Cleo Smith disappearance a likely ‘opportunistic’ abduction


The police officer leading the search for missing four-year-old Cleo Smith says her suspected abduction from a remote West Australian campsite is more than likely an opportunistic incident rather than a planned event.

Superintendent Rod Wilde, who is in charge of the 100-officer strong Taskforce RODIA spoke about his theory as the investigation entered day 18.

Cleo Smith has been missing for 18 days.

Cleo Smith has been missing for 18 days. Credit:Instagram

“I think it’s more than likely an opportunistic-type event,” he told 6PR.

“So we know they [Cleo’s family] got there that night … it was getting dark.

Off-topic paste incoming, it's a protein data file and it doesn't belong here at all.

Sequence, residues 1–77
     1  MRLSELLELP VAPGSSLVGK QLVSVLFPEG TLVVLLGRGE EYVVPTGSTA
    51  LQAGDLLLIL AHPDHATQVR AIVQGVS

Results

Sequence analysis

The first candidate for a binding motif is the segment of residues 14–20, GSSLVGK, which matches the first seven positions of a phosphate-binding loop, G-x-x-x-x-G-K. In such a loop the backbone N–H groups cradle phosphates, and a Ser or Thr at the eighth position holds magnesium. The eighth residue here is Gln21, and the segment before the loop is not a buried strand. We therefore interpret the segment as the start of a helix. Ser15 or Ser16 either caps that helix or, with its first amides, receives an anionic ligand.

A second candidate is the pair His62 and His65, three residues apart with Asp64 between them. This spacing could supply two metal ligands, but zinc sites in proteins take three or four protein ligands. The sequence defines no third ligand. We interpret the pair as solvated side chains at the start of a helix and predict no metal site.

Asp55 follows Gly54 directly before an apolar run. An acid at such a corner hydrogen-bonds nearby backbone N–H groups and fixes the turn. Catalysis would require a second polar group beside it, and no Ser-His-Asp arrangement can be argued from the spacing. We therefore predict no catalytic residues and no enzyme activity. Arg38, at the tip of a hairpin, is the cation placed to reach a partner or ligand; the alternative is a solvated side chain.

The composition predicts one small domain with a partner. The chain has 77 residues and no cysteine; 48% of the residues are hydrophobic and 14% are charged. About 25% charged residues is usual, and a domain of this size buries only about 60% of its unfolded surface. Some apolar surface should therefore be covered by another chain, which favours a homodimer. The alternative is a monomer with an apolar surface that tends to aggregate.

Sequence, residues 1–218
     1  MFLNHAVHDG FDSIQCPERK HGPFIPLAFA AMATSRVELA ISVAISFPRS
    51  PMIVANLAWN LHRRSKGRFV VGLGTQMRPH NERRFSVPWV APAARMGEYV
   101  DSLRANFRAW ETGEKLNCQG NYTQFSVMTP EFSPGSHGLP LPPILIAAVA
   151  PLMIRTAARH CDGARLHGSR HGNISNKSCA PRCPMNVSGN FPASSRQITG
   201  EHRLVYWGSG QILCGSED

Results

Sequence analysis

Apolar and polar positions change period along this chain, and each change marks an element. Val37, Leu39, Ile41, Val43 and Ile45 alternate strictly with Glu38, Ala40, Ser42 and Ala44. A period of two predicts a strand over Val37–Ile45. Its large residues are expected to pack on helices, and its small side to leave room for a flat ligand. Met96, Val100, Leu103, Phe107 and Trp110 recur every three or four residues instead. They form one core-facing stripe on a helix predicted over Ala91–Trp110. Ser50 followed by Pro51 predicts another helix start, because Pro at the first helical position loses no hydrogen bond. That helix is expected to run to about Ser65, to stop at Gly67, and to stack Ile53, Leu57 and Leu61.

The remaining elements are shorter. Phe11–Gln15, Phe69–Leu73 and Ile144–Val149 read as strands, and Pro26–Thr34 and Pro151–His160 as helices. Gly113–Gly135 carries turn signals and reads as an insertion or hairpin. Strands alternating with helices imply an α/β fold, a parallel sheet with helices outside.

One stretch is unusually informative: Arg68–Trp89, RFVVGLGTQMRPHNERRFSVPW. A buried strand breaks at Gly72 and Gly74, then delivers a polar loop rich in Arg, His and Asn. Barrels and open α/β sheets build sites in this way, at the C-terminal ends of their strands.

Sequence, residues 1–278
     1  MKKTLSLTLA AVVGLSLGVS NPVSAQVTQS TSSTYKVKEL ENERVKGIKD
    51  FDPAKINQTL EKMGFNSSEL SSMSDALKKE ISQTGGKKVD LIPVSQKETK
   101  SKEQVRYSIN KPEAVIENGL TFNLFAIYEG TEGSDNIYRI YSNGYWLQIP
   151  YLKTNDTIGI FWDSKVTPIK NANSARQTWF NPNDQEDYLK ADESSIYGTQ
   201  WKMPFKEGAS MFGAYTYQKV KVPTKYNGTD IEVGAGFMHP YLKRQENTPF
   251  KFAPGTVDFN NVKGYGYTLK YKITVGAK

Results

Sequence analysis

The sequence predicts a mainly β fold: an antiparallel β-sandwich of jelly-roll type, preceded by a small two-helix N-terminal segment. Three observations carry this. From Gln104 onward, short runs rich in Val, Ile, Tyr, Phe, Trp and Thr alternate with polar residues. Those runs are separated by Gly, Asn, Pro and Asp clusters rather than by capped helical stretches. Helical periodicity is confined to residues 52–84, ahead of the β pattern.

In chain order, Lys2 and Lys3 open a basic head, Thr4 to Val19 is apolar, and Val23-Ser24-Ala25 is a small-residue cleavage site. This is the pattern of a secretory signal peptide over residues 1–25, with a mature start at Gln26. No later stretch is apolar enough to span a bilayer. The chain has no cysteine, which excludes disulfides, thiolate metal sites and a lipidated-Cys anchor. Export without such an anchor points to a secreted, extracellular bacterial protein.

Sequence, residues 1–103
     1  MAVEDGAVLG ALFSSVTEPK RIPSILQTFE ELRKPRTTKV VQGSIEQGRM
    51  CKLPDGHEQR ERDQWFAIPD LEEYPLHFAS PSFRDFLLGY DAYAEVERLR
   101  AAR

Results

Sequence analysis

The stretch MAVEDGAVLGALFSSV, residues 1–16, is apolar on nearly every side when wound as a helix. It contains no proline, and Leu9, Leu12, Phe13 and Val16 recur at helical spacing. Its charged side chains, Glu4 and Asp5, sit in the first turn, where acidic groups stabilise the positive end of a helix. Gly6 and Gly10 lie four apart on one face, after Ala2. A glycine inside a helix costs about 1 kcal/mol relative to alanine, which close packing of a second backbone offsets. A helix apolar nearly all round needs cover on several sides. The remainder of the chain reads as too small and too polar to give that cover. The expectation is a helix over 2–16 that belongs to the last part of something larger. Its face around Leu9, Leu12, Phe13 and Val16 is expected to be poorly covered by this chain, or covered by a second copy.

Cleo went missing from a remote campsite in WA.

Cleo went missing from a remote campsite in WA.Credit:Ellie Smith Instagram

“So that would have been limited opportunity for people to observe Cleo at that time. We’ve stated that Cleo woke up at 1.30am was given a drink by her mum, and then at 6.30am, or shortly after six, she was gone.”

Cleo’s family – which includes her mum Ellie Smith, step-father Jake Gliddon, and baby sister Isla – arrived at the Quobba Blowholes camp some 70 kilometres north of Carnarvon on October 15 at about 6pm.

CCTV from a nearby shack to where the family pitched their tent and video footage from the parents’ phone, which has been geolocated by police to confirm it was taken at the camp, has confirmed Cleo was at the site.

Superintendent Wilde said there was no evidence to suggest the parents had any involvement in Cleo’s disappearance.

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